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Fine Use for the Adjacent Sibling (“+”) Selector

Published by Chris Coyier

My friend Richard came to me with an interesting problem yesterday. He was using some API of some kind that was returning to him a big list of companies. Each company had text, and most (but not all) also had an image. He wanted to use the image if they had one, but if he was showing the image he didn't want to show the text also. The solution had to be to output both the image and text and then attempt to hide the text if possible.

VIEW DEMO

Here is an example of what the output HTML might look like:

<img src="images/image-110.png" alt="image" />
<span>Text</span>

<br /><br />
		
<img src="images/image-110.png" alt="image" />
<span>Text</span>
		
<br /><br />
		
<span>Text</span>

Here you can see the first two "groups" have both and image and text, while the last one only has text. This is an ideal scenario for the adjacent sibling selector! Every CSS nerds dream! What we really need to do here is target only the spans which immediately follow an image. We can do that, and solve the problem, like so:

img {
	vertical-align: middle;
	z-index: 9999;
	position: relative;
}
span {
	z-index: 1;
}
img+span {
	margin-left: -110px;
}

The plain English of the adjacent sibling selector statement is "Look for spans which immediately follow images and kick them over to the left." The span sitting there all by itself is unaffected, but the top two are kicked to the left. The negative left margin does the kicking, and is able to tuck the text underneath the image thanks to the high z-index value. The relative positioning is actually needed here to jumpstart the z-index into actually working.

I went with the negative margin solution because, with images turned off, this method still provides accessible data. However, if the text being hidden is too large to fit behind the image (or the image is transparent), this would be a problem. You could also consider a "visibility: hidden;" or "display: none" instead of the negative left margin, which would absolutely work, but be less accessible.

VIEW DEMO

Comments

  1. Permalink to comment#

    Nice!

  2. Is this technique available when using the CSS 2 spec? Or is It 3 only?

  3. I tested it in Safari, Opera, Firefox, and IE 7 and it seemed to be working in all of them. Must be CSS 2.1 =)

  4. Nice. This could be very helpful. Great job Chris – good find!

  5. 3Djade
    Permalink to comment#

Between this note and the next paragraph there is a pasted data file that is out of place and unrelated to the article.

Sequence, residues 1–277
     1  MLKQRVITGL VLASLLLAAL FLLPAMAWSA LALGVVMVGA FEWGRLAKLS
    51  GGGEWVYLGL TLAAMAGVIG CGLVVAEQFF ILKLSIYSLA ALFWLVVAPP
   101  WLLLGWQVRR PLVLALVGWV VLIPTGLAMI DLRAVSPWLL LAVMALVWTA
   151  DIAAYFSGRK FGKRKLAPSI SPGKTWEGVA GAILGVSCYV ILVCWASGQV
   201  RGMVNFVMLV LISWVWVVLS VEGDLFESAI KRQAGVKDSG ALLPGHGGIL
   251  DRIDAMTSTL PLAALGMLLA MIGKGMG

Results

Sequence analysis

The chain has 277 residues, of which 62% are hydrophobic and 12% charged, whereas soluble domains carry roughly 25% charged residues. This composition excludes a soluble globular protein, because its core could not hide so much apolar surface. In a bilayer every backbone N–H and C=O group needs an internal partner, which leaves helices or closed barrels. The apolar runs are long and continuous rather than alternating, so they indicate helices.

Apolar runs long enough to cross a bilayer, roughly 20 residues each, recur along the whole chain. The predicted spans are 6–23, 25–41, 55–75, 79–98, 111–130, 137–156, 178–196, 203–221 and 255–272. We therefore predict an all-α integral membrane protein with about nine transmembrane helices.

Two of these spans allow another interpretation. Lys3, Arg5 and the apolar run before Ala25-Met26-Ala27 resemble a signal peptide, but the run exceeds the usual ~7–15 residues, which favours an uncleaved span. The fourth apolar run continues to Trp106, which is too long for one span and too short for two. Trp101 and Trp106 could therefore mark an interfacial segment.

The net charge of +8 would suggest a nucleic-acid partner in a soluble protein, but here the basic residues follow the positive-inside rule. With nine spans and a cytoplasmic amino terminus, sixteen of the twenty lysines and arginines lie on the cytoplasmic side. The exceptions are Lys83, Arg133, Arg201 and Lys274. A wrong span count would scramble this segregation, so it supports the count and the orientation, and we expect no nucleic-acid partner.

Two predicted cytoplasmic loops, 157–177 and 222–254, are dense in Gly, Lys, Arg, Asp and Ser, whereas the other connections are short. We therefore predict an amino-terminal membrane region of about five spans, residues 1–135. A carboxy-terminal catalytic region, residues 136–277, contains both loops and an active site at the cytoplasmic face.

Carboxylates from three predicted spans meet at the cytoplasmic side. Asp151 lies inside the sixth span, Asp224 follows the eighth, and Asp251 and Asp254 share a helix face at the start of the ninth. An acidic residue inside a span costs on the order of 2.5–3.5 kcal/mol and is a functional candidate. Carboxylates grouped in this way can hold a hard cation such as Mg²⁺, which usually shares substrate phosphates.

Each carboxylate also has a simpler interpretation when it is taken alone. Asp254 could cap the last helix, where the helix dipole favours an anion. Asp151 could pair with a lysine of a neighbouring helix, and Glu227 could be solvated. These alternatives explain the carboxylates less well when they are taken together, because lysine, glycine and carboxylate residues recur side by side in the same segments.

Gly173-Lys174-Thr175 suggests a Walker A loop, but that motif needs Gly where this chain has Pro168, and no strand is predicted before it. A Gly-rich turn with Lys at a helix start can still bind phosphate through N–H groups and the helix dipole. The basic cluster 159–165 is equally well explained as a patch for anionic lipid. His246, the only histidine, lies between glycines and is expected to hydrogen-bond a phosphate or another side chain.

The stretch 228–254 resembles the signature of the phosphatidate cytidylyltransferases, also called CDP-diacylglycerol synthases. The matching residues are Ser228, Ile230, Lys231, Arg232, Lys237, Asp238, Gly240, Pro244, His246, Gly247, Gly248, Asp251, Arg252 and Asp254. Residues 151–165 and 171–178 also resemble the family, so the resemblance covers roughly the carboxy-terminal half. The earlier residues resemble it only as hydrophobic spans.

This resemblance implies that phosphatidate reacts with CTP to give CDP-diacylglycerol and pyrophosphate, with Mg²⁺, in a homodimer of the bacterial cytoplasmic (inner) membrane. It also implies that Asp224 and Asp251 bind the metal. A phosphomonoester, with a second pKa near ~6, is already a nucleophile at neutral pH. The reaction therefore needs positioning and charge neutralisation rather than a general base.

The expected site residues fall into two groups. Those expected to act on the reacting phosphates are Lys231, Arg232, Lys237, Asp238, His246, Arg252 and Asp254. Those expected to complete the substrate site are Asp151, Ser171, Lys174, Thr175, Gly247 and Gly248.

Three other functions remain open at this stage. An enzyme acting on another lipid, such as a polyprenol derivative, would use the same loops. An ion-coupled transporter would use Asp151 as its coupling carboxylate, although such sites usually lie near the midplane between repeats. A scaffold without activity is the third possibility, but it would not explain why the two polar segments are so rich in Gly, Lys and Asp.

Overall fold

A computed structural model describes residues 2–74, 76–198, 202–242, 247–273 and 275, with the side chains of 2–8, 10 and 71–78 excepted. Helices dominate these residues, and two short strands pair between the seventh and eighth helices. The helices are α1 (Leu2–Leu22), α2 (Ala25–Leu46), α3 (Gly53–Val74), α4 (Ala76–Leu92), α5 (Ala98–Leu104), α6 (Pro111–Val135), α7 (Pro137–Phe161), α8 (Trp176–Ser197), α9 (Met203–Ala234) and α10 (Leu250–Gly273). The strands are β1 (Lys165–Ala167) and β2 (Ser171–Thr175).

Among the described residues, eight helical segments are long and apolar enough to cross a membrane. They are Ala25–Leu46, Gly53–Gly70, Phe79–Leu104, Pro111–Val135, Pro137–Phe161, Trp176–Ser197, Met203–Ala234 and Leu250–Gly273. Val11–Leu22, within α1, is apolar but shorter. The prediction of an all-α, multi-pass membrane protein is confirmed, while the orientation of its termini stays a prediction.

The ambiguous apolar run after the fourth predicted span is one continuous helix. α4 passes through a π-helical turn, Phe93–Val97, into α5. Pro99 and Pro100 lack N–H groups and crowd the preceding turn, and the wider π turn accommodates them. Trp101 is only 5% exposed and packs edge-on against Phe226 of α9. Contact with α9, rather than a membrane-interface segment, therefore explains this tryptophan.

Hi Chris, css-tricks.com is really helpful, I came here once by mistake but I can not complain, I liked this last trick. peace for all css-trickers

  6. Noddy
    Permalink to comment#

    Can you please tell me what font was used for the word “image” in your demo?

  7. Brendan
    Permalink to comment#

    Its good to see some CSS again and deviate from the whole JavaScript scene for a bit. Nice job by the way!

  8. @Noddy: I think it’s Agenda-SemiBold, but at that size, it pretty much looks like Trebuchet MS (all caps, letterspacing 1px)

  9. Daryn Haynes
    Permalink to comment#

    The adjacent sibling selector doesn’t work in IE6 …still a good use of the selector though.

  10. A nice and simple example of the adjacent sibling selector. Good one.

  11. Really helpful…but doesn’t work in IE6. The adjacent selector is CSS spec for long time already, but only modern browsers support this.

  12. raymo
    Permalink to comment#

    This is fan f’n tastic! This is exactly the solution to my problem of the different headers and paragraph combinations; H1 is big so you want it to have more margin-bottom than H3 for example, but more again when there’s a header nested under a header… and so on and so forth.
    I identified this as a problem way back, and thought there was no solution. I love being proved wrong in these cases.

    Yeah, only *modern* browser support – no IE6. You need to draw the line somewhere tho :) IE6 is what, seven years old? I’m at the point where I make sure my sites are accessible under IE6, but they don’t always have to be pixel perfect.

  13. Dave
    Permalink to comment#

    Great technique, I can actually use exactly that functionality in a current project! Just FYI, sitepoint CSS ref says Safari and Firefox have full support, IE6 has no support, and IE7 and Opera have buggy support (although from reading it, it seems safe for most purposes in IE7 and Opera).

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